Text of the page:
There are untold numbers of probiotic bacteria and bacterial colonies that live inside our digestive tracts, not to mention the many varieties that live in soil such as Bacillus subtilis.

In a perfect, chemical-free world, these soil-based probiotics would enrich the foods we eat while they grow. However, oftentimes these are missing, which is why probiotic supplementation can be beneficial.

Helping to activate other nutrients and make them more bioavailable, these pro-nutrients actively support nutrient metabolism while helping to balance gut function.

Superfood #6: Enzymes

Last, but certainly not least, are enzymes. These protein catalysts function as the energy force for the entire body. Not only are enzymes essential for the breakdown of food to be used for energy and cellular metabolism, but they also serve as the engineers, technicians, and maintenance crews to keep the many vital systems of the body functioning at full speed and with optimal efficiency.

Enzymes are perhaps the most overlooked dietary element because many people don’t even know what they are. And yet, without them, life itself would not exist. Cooked, processed, and chemical-treated foods − which many people eat on a regular basis − are mostly or completely devoid of enzymes, which makes these foods harder for the body to digest.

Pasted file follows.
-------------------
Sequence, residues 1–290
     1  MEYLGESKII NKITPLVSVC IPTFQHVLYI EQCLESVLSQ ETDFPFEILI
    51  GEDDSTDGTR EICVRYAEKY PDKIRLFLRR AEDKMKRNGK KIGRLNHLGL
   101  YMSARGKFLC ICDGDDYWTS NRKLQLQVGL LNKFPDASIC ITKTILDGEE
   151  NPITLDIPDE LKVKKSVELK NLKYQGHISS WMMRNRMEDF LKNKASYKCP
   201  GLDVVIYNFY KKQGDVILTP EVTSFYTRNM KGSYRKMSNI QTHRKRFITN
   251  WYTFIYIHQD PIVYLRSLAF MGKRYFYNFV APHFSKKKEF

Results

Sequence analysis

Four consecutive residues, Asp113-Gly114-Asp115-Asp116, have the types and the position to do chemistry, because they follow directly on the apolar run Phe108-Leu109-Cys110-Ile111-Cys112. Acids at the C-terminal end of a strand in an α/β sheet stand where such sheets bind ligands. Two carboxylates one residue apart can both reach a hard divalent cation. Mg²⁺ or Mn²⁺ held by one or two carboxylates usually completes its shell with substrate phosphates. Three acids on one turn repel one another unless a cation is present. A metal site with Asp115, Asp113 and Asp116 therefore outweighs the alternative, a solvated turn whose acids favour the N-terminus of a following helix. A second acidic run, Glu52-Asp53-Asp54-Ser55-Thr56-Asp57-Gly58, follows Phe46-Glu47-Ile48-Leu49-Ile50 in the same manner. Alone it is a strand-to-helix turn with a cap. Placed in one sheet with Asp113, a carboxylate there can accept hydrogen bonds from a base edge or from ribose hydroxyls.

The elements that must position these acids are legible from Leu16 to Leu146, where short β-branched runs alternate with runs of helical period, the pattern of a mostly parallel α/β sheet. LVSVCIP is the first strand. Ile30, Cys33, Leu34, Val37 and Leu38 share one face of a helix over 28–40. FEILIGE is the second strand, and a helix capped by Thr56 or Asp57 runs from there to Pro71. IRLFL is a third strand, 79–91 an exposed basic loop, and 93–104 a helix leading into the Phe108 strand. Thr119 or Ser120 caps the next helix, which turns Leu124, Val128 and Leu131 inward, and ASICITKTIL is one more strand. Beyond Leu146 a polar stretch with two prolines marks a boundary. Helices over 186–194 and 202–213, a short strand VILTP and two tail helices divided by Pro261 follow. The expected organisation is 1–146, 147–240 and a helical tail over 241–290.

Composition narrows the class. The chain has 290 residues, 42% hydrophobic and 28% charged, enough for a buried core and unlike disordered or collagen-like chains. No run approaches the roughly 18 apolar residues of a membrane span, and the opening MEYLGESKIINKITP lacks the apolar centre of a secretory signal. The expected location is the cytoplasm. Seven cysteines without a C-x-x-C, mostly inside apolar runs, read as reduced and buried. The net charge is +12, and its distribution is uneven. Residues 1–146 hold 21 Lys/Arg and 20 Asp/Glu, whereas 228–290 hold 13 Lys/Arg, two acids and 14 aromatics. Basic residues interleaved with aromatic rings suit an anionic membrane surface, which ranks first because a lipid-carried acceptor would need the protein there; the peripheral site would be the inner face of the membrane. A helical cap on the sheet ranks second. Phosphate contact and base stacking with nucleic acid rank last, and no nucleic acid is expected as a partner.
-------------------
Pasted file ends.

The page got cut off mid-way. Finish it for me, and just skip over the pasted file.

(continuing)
The following are among the most important enzymes lost as a result of processing and heating that are worth supplementing with in order to correct this deficiency:

All plant foods contain digestive enzymes, so be sure to incorporate plenty of servings of organic fruits and vegetables into your daily diet. You might also consider adding a full-spectrum enzyme supplement to your daily regimen to aid digestion and increase the metabolism of carbs, fat, and protein.


If you’re not getting all the nutrients and antioxidants you need from food, your best source is whole food vitamins. Organixx Multi-Vita-Maxx contains 21 uniquely fermented vitamins and enzyme-activated minerals that are more “bioavailable” and easily absorbed by your body than the synthetic compounds found in most supplements.


Organixx Multi-Vita-Maxx